This isn’t the plane I’ll be flying to St. Helena, because qualification tests for this aircraft type failed.

This throws a monkey wrench into the already dubious plans for the airport to create a tourism industry on St. Helena. Because of the high operating costs, flights there are crazy expensive. I’m flying roughly the distance of a roundtrip from Seattle to New York (a trip I can easily buy for $400) and my ticket cost a cool $1,175 in points. Additionally, there is only one flight a week, meaning once the plane leaves, you’re stuck on the island for a week. But that’s OK, once you’re there, you can make satellite phone calls for $1.60 per minute.

JNB-HLE-WDH-CPT map

The most expensive flight I’ve ever bought

Naturally, this is the best place I could think of to ring in the New Year so I’d like to invite my readers to join me. I’m leaving from Johannesburg to St. Helena on December 30, 2017 and returning January 6, 2017. It’s normally very hard to get to Johannesburg on points, but not if you book last minute–I was able to use my Alaska Airlines Mileage Plan points to score a first class ticket on Cathay Pacific (an unusual thing for me to do but also a no-brainer; it’s 50k points in economy class and 70k in first class). The easiest way to buy tickets onward to St. Helena is on the United Web site (even though the flight is operated by Airlink, a South African Airways regional affiliate). Right now, the cheapest tickets are $1,264. Because the airport code HLE is new and isn’t loaded in most travel agency computer systems, it’s surprisingly hard to book tickets to this destination.

Note that there is only one flight per week, on Saturdays, so the shortest period of time you can spend on the island is one week. I don’t expect anyone to actually show up, but if you do, I’ll buy you a drink! 🙂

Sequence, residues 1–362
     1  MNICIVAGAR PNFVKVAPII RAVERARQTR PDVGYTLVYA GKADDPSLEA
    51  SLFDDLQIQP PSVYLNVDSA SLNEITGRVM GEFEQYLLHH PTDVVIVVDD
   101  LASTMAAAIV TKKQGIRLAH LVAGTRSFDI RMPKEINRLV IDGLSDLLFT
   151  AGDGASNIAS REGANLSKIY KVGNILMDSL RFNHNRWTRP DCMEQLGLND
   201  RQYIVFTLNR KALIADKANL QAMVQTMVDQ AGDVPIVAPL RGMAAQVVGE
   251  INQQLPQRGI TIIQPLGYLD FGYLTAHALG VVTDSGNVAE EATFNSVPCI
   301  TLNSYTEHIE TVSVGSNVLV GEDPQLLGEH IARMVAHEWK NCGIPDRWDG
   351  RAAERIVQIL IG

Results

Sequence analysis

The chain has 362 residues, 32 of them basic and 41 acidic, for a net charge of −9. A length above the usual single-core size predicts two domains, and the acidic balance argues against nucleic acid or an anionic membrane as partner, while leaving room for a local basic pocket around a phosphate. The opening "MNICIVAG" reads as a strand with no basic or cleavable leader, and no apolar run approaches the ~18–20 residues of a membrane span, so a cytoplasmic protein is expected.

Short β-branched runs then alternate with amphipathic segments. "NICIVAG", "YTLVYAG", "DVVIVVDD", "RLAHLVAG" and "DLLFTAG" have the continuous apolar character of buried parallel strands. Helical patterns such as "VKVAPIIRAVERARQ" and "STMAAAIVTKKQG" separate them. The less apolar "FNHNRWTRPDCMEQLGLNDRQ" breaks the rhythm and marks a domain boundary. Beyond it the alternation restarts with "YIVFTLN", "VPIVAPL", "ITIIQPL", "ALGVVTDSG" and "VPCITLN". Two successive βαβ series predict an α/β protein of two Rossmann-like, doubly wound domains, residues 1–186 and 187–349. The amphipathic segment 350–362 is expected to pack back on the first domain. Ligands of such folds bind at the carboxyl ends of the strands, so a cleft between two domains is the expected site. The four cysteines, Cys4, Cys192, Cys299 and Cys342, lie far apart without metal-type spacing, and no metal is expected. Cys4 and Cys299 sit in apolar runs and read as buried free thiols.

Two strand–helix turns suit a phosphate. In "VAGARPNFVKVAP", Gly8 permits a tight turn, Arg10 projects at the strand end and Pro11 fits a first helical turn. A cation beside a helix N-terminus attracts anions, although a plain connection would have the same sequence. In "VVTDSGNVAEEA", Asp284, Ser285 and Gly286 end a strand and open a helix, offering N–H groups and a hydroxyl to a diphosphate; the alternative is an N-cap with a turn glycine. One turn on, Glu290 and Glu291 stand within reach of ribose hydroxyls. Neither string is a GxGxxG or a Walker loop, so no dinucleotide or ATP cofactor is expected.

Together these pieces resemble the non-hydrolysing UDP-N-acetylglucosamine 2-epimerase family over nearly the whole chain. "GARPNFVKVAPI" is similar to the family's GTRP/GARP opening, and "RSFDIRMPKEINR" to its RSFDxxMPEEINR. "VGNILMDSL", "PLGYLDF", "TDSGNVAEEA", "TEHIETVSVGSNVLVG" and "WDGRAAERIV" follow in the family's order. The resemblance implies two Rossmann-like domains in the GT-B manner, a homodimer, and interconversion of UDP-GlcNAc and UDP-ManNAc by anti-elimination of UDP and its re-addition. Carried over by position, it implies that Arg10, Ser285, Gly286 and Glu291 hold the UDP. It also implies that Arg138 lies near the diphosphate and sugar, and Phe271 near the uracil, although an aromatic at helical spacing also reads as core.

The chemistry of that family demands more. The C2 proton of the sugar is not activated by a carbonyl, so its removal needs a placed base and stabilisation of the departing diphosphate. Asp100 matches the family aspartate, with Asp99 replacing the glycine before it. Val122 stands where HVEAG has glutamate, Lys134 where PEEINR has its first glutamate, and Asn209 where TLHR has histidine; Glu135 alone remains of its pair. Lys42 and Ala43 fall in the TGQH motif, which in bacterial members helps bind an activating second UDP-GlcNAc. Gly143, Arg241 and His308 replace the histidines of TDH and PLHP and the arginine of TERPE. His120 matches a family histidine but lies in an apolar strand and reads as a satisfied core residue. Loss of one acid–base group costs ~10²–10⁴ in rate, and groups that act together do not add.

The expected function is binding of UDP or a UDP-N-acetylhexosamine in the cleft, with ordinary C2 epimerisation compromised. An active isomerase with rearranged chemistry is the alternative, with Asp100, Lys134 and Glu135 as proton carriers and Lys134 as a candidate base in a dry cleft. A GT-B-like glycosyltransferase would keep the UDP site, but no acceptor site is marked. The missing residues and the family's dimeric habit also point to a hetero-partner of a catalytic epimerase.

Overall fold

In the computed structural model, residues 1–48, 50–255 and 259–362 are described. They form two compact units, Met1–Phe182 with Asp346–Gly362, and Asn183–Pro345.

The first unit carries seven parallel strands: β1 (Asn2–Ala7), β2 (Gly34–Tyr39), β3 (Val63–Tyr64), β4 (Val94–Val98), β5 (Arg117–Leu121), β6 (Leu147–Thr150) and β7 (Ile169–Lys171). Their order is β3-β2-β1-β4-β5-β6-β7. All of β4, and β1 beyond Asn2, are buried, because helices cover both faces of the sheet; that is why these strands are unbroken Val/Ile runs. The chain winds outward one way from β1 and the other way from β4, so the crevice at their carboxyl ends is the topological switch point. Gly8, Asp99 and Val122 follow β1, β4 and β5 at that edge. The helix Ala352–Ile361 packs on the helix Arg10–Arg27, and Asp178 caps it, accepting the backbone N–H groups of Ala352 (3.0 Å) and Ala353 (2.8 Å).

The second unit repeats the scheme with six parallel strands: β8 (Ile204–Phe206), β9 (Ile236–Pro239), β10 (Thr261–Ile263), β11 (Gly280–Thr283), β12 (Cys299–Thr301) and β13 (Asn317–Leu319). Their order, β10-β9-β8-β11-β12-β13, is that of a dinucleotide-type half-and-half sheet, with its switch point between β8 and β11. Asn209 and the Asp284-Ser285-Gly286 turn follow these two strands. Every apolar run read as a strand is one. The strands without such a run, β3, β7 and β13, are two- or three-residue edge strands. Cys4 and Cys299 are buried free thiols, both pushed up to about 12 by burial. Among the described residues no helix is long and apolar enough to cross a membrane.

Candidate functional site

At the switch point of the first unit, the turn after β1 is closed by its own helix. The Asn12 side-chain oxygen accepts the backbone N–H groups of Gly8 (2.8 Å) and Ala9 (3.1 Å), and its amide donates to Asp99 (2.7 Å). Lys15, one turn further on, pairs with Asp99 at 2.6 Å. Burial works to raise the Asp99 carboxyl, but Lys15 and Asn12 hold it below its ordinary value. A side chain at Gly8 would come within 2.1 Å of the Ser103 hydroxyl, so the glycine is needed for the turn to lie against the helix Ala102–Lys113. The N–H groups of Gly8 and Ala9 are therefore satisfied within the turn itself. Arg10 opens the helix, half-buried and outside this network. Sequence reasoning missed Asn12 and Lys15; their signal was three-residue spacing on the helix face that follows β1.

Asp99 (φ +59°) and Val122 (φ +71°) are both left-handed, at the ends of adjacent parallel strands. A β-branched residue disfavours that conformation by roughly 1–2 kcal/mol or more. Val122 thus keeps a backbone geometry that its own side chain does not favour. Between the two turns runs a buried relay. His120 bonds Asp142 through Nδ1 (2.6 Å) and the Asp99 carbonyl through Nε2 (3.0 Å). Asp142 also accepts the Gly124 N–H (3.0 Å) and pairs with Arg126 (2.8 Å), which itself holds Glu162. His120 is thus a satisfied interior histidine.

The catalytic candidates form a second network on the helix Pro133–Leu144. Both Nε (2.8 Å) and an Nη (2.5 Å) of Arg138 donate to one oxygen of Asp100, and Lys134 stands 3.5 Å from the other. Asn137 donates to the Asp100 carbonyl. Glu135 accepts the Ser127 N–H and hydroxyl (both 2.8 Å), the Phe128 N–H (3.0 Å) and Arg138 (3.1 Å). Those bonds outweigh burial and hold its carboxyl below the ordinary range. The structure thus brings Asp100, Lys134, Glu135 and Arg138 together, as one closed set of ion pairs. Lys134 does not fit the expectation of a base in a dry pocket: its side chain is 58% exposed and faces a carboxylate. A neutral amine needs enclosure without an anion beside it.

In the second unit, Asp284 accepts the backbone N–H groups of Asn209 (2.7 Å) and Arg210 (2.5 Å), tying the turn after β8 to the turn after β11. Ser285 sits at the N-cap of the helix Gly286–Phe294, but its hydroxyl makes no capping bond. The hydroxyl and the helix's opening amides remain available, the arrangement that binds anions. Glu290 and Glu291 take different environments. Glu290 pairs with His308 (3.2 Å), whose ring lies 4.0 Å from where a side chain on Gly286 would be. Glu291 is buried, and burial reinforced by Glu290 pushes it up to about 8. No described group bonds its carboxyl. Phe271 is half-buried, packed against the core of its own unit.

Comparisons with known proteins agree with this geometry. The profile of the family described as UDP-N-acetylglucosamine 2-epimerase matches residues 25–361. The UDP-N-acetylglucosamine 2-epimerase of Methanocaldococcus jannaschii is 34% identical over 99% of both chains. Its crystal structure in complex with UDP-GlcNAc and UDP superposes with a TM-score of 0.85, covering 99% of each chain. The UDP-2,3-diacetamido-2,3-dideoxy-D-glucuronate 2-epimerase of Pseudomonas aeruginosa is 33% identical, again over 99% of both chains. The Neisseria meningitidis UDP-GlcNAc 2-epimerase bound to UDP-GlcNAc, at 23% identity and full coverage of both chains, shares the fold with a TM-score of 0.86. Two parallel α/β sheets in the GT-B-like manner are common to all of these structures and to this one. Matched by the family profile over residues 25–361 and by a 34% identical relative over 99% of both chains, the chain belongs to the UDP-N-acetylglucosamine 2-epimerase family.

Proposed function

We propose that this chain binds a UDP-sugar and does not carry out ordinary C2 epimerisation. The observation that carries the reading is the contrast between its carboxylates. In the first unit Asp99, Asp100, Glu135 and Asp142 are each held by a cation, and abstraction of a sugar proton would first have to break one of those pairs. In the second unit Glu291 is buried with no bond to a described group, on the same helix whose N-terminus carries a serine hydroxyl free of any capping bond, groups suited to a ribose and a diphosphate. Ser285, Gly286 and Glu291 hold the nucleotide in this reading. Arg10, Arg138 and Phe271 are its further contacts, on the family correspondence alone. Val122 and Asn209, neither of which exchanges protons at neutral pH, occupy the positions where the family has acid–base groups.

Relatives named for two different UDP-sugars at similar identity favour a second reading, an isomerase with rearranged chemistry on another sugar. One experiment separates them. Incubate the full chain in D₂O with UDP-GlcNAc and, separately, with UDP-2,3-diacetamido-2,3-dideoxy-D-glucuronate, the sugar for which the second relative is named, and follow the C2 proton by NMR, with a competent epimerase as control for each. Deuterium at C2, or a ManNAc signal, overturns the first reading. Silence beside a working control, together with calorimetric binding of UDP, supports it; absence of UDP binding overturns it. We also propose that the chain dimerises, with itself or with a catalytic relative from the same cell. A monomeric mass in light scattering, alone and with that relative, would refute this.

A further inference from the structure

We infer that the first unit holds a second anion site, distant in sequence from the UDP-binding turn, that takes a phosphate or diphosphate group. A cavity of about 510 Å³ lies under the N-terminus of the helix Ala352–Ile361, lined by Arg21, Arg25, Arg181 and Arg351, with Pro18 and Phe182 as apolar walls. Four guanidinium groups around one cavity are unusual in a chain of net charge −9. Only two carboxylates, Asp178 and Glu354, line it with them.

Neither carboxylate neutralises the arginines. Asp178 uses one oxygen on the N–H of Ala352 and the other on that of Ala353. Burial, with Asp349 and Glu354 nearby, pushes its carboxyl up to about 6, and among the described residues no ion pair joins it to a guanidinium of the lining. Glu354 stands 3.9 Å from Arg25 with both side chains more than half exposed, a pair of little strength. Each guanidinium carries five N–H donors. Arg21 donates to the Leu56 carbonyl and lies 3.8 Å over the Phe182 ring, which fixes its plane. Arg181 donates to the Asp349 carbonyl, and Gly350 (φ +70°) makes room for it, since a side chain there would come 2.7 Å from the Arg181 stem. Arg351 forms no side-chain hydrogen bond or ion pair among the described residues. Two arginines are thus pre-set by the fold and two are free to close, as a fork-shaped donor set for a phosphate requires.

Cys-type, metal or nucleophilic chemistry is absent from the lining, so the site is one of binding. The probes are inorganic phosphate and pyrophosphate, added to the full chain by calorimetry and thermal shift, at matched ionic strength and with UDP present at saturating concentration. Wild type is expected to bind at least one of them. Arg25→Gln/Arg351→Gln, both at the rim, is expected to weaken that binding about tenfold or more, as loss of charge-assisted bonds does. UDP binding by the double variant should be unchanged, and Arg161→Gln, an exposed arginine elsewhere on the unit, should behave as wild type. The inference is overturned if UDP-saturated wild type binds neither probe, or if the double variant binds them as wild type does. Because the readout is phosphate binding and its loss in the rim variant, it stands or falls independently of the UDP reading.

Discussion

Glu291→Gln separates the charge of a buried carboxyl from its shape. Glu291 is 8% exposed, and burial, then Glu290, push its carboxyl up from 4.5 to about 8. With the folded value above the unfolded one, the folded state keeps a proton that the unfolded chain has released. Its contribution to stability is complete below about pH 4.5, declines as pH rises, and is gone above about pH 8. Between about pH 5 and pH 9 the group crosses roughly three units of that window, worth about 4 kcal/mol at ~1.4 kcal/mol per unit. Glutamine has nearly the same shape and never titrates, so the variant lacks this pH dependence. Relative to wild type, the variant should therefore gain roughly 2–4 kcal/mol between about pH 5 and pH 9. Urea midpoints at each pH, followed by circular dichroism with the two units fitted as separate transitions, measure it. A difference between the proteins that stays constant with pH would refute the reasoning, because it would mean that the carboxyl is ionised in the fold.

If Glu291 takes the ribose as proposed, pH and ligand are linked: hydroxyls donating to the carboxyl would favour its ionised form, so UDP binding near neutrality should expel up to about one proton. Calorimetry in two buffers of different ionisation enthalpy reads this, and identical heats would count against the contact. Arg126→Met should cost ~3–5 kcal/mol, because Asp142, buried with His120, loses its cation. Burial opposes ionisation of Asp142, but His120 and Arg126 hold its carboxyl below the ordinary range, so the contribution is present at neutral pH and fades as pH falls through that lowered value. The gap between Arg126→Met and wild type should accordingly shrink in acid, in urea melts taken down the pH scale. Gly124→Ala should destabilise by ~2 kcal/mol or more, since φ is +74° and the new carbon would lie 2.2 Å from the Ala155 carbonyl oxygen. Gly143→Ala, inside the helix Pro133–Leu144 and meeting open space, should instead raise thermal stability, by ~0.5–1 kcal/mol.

Are you joining me for New Year’s Eve in St. Helena?

How I Hacked My Trip To Sunny SoCal

On my recent trip to Minneapolis, I was originally planning to return directly to Seattle on a nonstop flight with Alaska Airlines. However, after shivering in the frigid temperatures and looking at the terrible forecast for Seattle, I decided that it might be better to head somewhere warm.

Alaska Airlines has really been adding a ton of service to San Diego lately, and I was delighted to see that nonstop service from Minneapolis was starting the day I was leaving Minneapolis. Even better, saver level award space was available. This opened up a great opportunity for me because it was close to the Thanksgiving holiday and award space was very difficult to find. So I hatched a plan: fly to San Diego, rent a car, drive to LA, get an airbnb for a week, visit friends, drive to Phoenix for Thanksgiving with family, then back to San Diego, and finally, a flight back to Seattle.

msp-san-sea image

Two flights. One award ticket.

Well, the first order of business was changing my flight. I already had a flight booked from Minneapolis to Seattle using British Airways Avios. This had cost 10,000 Avios and $5.60 in taxes. However, if I simply changed the ticket with Avios, it’d cost a $55 change fee plus the difference in miles (another 7,500 Avios). British Airways charges per flight based on distance with a minimum cost of 7,500 points. This obviously wasn’t the optimal solution.

However, British Airways offers another option: you can cancel your flight and redeposit the Avios. This also costs $55, but there’s a loophole: the $55 is deducted from the taxes and fees already paid. If you cancel online, British Airways won’t refund any fees, but also won’t charge any additional. So, in effect, you can cancel domestic US flights booked with Avios for $5.60.

Given that I was flying Alaska Airlines, another option was to book with Alaska Airlines Mileage Plan. I typically don’t book Alaska flights with Mileage Plan miles (using them for partner redemptions instead), because most Alaska flights are short to mid-haul and are thus cheaper with the Avios award chart. However, Mileage Plan has a very unusual benefit: they allow a stopover on a one-way trip.

What does this mean? Alaska treats a trip from Minneapolis-San Diego-Seattle as a single ticket, even if you stop over for 10 days in San Diego. And if you can find space at the lowest award level, it means the trip costs only 12,500 miles. Stopovers are specifically allowed under Mileage Plan rules and while most people don’t take advantage, it’s an entirely legal and risk-free “hack.” The catch? You have to find “saver” level award availability (in economy class, “W” fares) for the entire journey. Your trip must be entirely on Alaska Airlines where a domestic stopover is involved (on partner awards, stopovers are only permitted in international connecting cities). And you can only take a stopover at a logical connecting point. San Diego was a logical connecting point for my trip from Minneapolis to Seattle, because it’s in the correct direction of travel and doesn’t exceed the maximum permitted mileage. Alaska does have some measures in place to prevent illogical connections, such as Minneapolis-Portland-Los Angeles-Seattle.